Flat Racing v National Hunt
There is no real market for quarter horse or harness racing in Britain. Aside from a smattering of Arabian racing, Britain basically concentrates on thoroughbred racing of two main types; Flat and National Hunt.
Flat racing essentially speaks for itself. Horses start in the stalls and are tasked with running over a specific distance on a flat surface, with no obstacles to jump.
Give or take a few yards, Flat races in Britain are staged from a minimum of five furlongs up to two miles (16 furlongs). Longer races do exist, such as the two-and-a-half-mile Ascot Gold Cup etc, though these are rare.
Races over 5-6 furlongs tend to be known as ‘sprints’, mile races are obvious, those over 1¼ to 1½ miles are known as ‘middle distance’ events and those over 1¾ miles or longer are known as ‘staying’ races.
Although due to the advent of all-weather tracks Flat horses can run all year round, the traditional Flat turf season runs from the end of March up to the beginning of November.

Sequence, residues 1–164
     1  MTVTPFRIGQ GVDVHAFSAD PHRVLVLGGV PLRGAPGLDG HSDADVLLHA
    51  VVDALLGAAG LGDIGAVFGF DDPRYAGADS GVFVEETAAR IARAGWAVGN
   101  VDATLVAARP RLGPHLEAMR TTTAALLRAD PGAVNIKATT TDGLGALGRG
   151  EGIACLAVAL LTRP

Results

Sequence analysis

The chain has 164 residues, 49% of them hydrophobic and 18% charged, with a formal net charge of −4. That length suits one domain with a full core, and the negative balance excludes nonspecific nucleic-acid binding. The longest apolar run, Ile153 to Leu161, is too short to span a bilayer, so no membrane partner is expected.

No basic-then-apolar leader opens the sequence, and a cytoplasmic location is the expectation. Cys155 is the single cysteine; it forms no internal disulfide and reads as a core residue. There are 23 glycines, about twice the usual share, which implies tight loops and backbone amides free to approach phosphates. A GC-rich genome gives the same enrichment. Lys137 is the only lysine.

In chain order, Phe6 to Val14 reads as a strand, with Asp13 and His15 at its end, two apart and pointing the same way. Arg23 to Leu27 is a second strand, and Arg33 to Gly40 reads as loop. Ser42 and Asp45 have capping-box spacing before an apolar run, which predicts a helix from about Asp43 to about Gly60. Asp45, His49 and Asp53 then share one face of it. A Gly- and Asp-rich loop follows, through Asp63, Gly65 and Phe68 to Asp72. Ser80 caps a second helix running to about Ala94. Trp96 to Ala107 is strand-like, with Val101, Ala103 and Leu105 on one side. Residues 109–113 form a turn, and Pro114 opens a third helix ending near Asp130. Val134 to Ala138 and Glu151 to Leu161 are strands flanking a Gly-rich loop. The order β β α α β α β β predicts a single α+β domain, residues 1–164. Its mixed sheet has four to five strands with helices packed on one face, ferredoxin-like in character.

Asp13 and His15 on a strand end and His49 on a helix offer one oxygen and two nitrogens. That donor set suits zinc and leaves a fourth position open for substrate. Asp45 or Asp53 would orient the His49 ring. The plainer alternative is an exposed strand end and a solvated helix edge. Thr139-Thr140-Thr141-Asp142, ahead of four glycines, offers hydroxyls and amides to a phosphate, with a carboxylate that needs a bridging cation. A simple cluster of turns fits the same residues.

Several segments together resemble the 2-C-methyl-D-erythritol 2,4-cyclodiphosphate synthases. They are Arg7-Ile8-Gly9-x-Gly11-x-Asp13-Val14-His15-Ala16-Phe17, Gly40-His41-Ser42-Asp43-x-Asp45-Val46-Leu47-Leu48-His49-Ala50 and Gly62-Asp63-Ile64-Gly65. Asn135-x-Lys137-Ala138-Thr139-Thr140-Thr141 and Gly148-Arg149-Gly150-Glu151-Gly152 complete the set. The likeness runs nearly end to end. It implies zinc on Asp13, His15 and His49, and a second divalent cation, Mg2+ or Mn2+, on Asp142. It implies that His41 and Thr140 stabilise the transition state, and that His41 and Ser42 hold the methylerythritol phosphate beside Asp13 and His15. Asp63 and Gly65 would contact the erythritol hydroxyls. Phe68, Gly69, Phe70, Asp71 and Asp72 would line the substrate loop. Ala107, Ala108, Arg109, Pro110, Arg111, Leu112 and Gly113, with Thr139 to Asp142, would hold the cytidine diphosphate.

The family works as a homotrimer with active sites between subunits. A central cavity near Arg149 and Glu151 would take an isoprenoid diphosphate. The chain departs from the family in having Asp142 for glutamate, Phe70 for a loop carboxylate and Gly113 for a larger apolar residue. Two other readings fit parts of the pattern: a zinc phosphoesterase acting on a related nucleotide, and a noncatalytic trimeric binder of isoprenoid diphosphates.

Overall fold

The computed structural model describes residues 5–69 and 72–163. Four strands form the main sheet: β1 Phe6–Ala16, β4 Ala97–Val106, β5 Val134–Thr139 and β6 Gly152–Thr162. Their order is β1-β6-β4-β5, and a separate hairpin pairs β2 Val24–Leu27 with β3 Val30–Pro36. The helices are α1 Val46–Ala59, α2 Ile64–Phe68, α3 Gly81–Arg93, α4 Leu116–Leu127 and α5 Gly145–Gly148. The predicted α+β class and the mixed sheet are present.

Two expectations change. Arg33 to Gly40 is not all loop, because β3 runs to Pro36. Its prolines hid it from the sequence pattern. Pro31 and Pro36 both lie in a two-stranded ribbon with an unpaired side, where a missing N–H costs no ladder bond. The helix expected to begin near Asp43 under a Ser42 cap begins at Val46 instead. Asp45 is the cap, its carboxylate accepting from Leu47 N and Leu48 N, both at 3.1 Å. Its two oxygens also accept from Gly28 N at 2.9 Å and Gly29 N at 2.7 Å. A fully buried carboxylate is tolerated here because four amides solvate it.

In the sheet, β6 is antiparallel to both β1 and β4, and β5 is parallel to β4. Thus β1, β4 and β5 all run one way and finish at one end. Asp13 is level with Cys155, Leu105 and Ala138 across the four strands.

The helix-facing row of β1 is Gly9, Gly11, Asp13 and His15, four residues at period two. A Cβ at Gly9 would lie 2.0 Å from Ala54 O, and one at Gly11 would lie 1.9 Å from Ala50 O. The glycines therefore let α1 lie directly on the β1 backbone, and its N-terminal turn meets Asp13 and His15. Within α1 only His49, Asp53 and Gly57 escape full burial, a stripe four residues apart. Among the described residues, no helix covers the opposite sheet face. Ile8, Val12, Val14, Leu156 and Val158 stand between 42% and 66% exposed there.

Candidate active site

The focus is more about speed, or at least tactical speed, in Flat racing with the emphasis on stamina and jumping in the National Hunt sphere.
National Hunt racing, sometimes known as ‘jump’ or ‘jumps’ racing, tasks horses with taking on different obstacles as well as seeing out the race distance.
The season is essentially all year round now, but the prime jumps season runs from around October through to April.
National Hunt racing is further divided into two main categories; hurdles and steeplechases. Hurdles are smaller obstacles, while in steeplechases the runners take on higher ‘fences’.
Although some 1¾-mile races exist, the basic minimum distance in jumps racing is two miles, there are many races between that distance and three miles, while some races up to four or 4¼ miles also exist including the Grand National.